A lost opportunity for Sidney Jones, an unbelievable Sam Bradford stat and the continuing saga of Reb Russell.
It's all right here in this weekend's Roob's 10 Eagles Observations!
1. I keep trying to convince myself, "This will be the year we see the real Sidney Jones." And coming out of last year, I really believed Jones, going into Year 4, had a chance to really get his legs healthy this spring and then show everybody in minicamps, OTAs, training camp and the preseason games that he could hold down the CB2 opposite Darius Slay. But if the curtailed offseason and preseason hurts anybody the most, it's Jones. The Eagles have made it clear Avonte Maddox is the projected starter, and as long Maddox stays healthy I don't see how Sidney can win the job. Without any spring workouts or preseason games? Can Jones do enough just in a few weeks of training camp practice to beat out Maddox? I don't think so.
2. Who has the highest 4th-quarter passer rating among Eagles quarterbacks? Going back to 1994, as far back as the Pro Football Reference database logs quarter-by-quarter stats, here's the surprising answer (minimum of 100 4th-quarter attempts):
95.9 ... Sam Bradford
88.4 ... Michael Vick
84.5 ... Carson Wentz
83.6 ... Donovan McNabb
81.9 ... Nick Foles
76.9 ... Rodney Peele
76.7 ... Mark Sanchez
70.3 ... Ty Detmer
64.1 ... Bobby Hoying
62.7 ... Randall Cunningham
59.0 ... Koy Detmer
(Remember, this only includes Randall's last two years with the Eagles)
3. As good as T.O. was in 2004, he was on his way to an even bigger season in 2005 before he imploded and got himself suspended. Owens was 47-for-763 with 6 TDs after seven games, which put him on pace for 107 catches and 1,744 yards with 13 TDs. The only players in NFL history to reach those plateaus in a season are Jerry Rice and Isaac Bruce. T.O.'s 93.5 yards per game as an Eagle is 23 yards per game more than any other WR in franchise history. DeSean Jackson (69.7), Mike Quick (64.0), Irving Fryar (63.9) and Jeremy Maclin (63.6) are next.
4. If the NFL does wind up reducing rosters from 90 to 75 because of the curtailed or eliminated preseason and for social distancing purposes, the league needs to give each team the opportunity to retain the rights of some or all of the players they're forced to release. Maybe pay them a weekly reduced salary and let them participate in virtual meetings and remain part of the team without actually being at practice. It would be a shame to see the Eagles forced to cut ties with promising kids like Adrian Killians Jr., Grayland Arnold, Raequan Williams, Mike Warren, Sua Opeta or Deontay Burnett because of the current circumstances. The league and the NFLPA need to find a way to make sure that doesn't happen.
5. I just remembered the Eagles paid Nelson Agholor $9.387 million last year.
6. The Frankford Yellow Jackets won the 1926 NFL Championship, but by the early 1930s, they may have been the worst professional sports team in Philadelphia history. They won only 3 of their last 24 games and scored 7 or fewer points in 20 of those 24 games.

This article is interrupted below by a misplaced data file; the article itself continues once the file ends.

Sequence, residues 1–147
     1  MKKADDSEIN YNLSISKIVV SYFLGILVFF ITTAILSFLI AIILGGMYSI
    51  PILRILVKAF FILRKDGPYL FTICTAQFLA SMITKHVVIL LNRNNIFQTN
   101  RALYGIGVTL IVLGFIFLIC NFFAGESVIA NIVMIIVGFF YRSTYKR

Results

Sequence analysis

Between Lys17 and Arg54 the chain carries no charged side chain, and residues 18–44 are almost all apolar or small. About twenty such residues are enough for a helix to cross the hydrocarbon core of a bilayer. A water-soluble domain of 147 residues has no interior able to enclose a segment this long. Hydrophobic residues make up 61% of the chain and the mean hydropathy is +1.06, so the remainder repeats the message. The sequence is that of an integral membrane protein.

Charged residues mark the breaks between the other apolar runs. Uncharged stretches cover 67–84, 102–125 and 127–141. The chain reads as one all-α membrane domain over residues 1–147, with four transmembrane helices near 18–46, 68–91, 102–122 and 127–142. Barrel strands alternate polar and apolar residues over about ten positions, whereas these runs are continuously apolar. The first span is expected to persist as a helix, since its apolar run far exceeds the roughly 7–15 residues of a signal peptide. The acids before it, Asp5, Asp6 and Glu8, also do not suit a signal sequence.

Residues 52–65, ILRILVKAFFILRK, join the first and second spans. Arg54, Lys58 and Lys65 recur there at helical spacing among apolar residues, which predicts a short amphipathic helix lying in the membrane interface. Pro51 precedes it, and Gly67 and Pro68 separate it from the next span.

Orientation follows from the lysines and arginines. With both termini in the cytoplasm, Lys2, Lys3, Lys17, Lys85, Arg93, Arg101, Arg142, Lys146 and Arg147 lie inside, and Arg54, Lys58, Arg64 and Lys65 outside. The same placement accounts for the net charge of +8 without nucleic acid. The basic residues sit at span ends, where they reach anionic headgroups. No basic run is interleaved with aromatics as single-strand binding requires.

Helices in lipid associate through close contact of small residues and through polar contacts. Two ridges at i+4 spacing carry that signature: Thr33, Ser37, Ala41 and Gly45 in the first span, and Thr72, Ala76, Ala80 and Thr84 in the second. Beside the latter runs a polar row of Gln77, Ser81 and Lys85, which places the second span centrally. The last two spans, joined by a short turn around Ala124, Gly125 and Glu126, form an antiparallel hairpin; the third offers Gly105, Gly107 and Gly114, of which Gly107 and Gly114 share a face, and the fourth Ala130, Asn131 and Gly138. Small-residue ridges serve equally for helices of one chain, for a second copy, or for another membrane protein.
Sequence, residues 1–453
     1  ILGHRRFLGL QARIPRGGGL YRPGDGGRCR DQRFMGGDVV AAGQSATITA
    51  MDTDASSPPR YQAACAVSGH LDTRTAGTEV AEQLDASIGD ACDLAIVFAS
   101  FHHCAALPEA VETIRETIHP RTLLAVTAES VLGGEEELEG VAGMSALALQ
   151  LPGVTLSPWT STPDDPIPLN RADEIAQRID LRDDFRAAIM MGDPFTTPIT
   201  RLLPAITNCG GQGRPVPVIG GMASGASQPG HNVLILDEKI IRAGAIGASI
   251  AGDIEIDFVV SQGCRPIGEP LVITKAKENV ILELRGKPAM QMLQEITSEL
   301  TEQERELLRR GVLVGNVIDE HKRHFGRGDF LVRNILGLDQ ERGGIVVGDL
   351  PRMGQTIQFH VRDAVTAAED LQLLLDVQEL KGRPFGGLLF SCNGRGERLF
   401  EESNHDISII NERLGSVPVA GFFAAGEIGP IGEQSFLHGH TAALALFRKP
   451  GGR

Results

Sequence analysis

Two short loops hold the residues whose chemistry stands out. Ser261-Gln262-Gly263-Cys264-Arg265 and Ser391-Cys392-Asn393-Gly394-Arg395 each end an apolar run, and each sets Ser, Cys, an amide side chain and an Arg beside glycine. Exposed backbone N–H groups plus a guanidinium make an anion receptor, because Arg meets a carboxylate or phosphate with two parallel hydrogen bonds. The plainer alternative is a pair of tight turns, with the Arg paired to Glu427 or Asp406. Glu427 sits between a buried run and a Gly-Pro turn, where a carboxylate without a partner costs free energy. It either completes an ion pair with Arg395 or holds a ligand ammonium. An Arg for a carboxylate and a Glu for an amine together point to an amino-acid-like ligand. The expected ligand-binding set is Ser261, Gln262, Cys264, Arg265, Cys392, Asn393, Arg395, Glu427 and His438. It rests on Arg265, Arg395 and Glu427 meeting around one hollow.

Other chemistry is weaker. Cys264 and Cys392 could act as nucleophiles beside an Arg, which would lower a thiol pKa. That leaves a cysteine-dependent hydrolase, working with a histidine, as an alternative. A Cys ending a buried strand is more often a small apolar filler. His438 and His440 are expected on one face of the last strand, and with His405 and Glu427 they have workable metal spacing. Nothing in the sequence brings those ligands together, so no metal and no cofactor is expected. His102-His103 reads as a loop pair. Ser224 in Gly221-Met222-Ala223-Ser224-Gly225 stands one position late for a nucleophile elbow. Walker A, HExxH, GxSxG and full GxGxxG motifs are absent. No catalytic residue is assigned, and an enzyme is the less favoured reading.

7. What are the odds that the Eagles' two recent Hall of Famers — Brian Dawkins and Harold Carmichael — went to the same high school? Both graduated from Raines High in Jacksonville. Raines has produced numerous other NFL players, including Lito Sheppard, Shawn Jefferson and Ken Burrough, along with baseball's Vince Coleman. Surprisingly, 16 high schools produced multiple Hall of Famers, including one — George Washington in L.A. — that produced three (James Lofton, Hugh McElhenny, Bill Walsh).
8. Carson Wentz's 32 wins are 15th-most in NFL history by a quarterback in his first four seasons. He's also one of only five of the top 20 that didn't win a playoff game during those four years. The others are Matt Ryan, Andy Dalton, Steve Grogan, Peyton Manning and Carson Palmer. Ryan won one in his 5th season, Manning in his 6th and Palmer in his 14th. Dalton and Grogan never did win one. One of these years, Wentz will win one. Right?
9. Donovan McNabb had already won four playoff games and reached two NFC Championship Games by the end of his fourth season.
10. Everyone seemed to enjoy last week's excerpt from newspaper coverage of the Eagles' first game in franchise history in 1933, so here's an excerpt from the Inquirer story reporting the first win in franchise history, 6-0 over the Reds later in 1933:
"Tall, slab-sided, loose-limbed Swede Hanson, the new Galloping Ghost of the commercial gridiron, raced over the last white stripe today, as the Philadelphia Eagles achieved their first conquest of the season, 6-0. Hanson, lean and lank and lantern jawed, was the hero of this game, as he has starred in all of the frays in which the Eagles have been a part. For two periods, the Birds and their Red foes battered away at the line or sought the air but all in vain. In the third quarter, however, the Wraymen turned into a devastating horde."
The story goes on to describe Hanson's touchdown, the game's only score:
"It was fourth down now and the goal line beckoning in tantalizing fashion straight ahead. Then Hanson and (Reb) Russell outwtitted their foes. Reb came tearing in as if to shoot off tackle. The Reds tumbled through upon the former Purple hero, however, who was ready for this emergency. As the gang tried to pile up, Russell flipped a lateral, straight and unerring, right into Hanson's arms. Like a flash, the Swede lighted out for the end, slipped past two tackles and went over the line."
Wraymen? Really? Remember, that team's coach was Lud Wray. Guess I should start calling the Eagles the Dougmen?
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